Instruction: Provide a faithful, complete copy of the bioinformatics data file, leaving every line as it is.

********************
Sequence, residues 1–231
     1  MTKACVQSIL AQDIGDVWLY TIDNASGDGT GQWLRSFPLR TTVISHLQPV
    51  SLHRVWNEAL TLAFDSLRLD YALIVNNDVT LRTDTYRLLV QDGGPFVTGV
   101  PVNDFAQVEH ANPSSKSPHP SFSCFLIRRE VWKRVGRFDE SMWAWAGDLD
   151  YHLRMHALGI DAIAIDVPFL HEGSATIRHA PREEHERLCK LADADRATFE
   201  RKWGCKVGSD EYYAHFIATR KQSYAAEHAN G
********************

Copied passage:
Sequence, residues 1–231
     1  MTKACVQSIL AQDIGDVWLY TIDNASGDGT GQWLRSFPLR TTVISHLQPV
    51  SLHRVWNEAL TLAFDSLRLD YALIVNNDVT LRTDTYRLLV QDGGPFVTGV
   101  PVNDFAQVEH ANPSSKSPHP SFSCFLIRRE VWKRVGRFDE SMWAWAGDLD
   151  YHLRMHALGI DAIAIDVPFL HEGSATIRHA PREEHERLCK LADADRATFE
   201  RKWGCKVGSD EYYAHFIATR KQSYAAEHAN G